We know from prior research that fasting levels of blood triglycerides are one variable that dictates the triglyceride response to high fat feeding. That is, individuals with elevated fasting triglyceride levels typically have an exaggerated triglyceride response to feeding (as well as an exaggerated oxidative stress response to feeding). The converse is also true. While several excellent articles are available describing the above, the article below reviews the topic briefly, while discussing the difference between high fat and high carbohydrate feedings.

Bloomer RJ, Kabir MM, Marshall KE, Canale RE, Farney TM. Postprandial oxidative stress in response to dextrose and lipid meals of differing size. Lipids Health Dis. 2010 Jul 27;9:79.

Knowing that the Daniel Fast can reduce fasting triglyceride levels and improve antioxidant capacity, it was our hypothesis that the triglyceride and oxidative stress response to feeding would then also be reduced. This may then have major implications in terms of this dietary approach to enhance one’s health.


As expected, values for oxidative stress biomarkers increased in response to the high fat meal both before and after the Daniel Fast intervention. However, the extent of increase was lower after the Daniel Fast for blood triglycerides (11%), malondialdehyde (11%), hydrogen peroxide (8%), and advanced oxidation protein products (12%). There was also a 37% increase noted for NOx.


Following a 21 day Daniel Fast leads to a slight reduction in postprandial oxidative stress. It is possible that a longer time course of adherence to the Daniel Fast regimen may allow for more significant findings.

Alleman RA, Harvey IC, Farney TM, Bloomer RJ. Both a traditional and modified Daniel Fast improve the cardio-metabolic profile in men and women. Lipids Health Dis. 2013, Jul 27:12:114.


We have noted excellent tolerance to the Daniel Fast guidelines in almost all subjects. However, for long-term compliance (beyond the usual 21 day period), modifications in the eating plan are likely needed. One modification is the addition of protein in the form of lean meat and low-fat dairy products. We have noted recently that when individuals extend the Daniel Fast beyond the 21 day period and add 2-3 servings per day of meat or low-fat dairy to the overall plan (while keeping everything else the same), the positive health benefits (in particular as relate to blood lipids) are maintained. This findings, coupled with the fact that the main challenge for many individuals on the fast is the lack of meat and dairy intake, provided us with the idea to do a comparative study of the Daniel Fast with and without meat consumption.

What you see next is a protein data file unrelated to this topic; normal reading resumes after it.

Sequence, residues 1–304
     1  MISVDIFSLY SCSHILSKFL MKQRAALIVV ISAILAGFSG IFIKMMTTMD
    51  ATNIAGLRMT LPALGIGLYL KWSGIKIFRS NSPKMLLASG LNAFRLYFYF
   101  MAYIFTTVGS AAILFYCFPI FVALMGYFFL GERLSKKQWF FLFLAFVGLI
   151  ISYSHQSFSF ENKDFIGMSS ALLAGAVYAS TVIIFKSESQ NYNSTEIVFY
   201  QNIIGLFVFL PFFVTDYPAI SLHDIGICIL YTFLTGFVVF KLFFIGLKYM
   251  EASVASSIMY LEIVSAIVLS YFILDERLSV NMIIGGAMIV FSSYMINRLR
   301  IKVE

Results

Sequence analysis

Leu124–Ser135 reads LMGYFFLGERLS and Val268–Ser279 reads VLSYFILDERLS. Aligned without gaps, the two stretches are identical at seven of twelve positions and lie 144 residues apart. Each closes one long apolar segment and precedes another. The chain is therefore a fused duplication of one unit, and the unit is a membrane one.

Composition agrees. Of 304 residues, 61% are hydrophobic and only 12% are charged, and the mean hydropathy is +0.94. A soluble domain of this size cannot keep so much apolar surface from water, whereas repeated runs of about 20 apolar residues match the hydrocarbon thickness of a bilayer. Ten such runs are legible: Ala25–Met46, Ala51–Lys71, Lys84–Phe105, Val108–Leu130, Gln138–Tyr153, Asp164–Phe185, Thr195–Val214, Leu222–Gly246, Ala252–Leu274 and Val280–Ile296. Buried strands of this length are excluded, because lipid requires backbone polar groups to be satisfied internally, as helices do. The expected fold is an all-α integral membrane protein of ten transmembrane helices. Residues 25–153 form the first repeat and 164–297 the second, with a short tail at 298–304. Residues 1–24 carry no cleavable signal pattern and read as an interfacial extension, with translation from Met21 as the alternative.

We assigned 29 men and women to either a traditional or modified Daniel Fast for 21 days and measured anthropometric and biochemical markers of health pre and post intervention. The modified Daniel Fast was otherwise identical to the traditional plan but included one serving per day of lean meat and dairy (skim milk), providing approximately 30 grams per day of additional protein.


Compared to baseline, both plans resulted in similar and significant improvements in blood lipids, as well as a reduction in inflammation.


Modification of dietary intake in accordance with either a traditional or modified Daniel Fast may improve risk factors for cardiovascular and metabolic disease. Of course, such a plan would not satisfy the guidelines of the Daniel Fast if being done for strict spiritual purposes. However, this may prove reasonable for those using this approach purely for health related benefits.


If you are an investigator or clinician interested in this line of inquiry, or possibly in collaborating with us on future studies, please contact us for further discussion.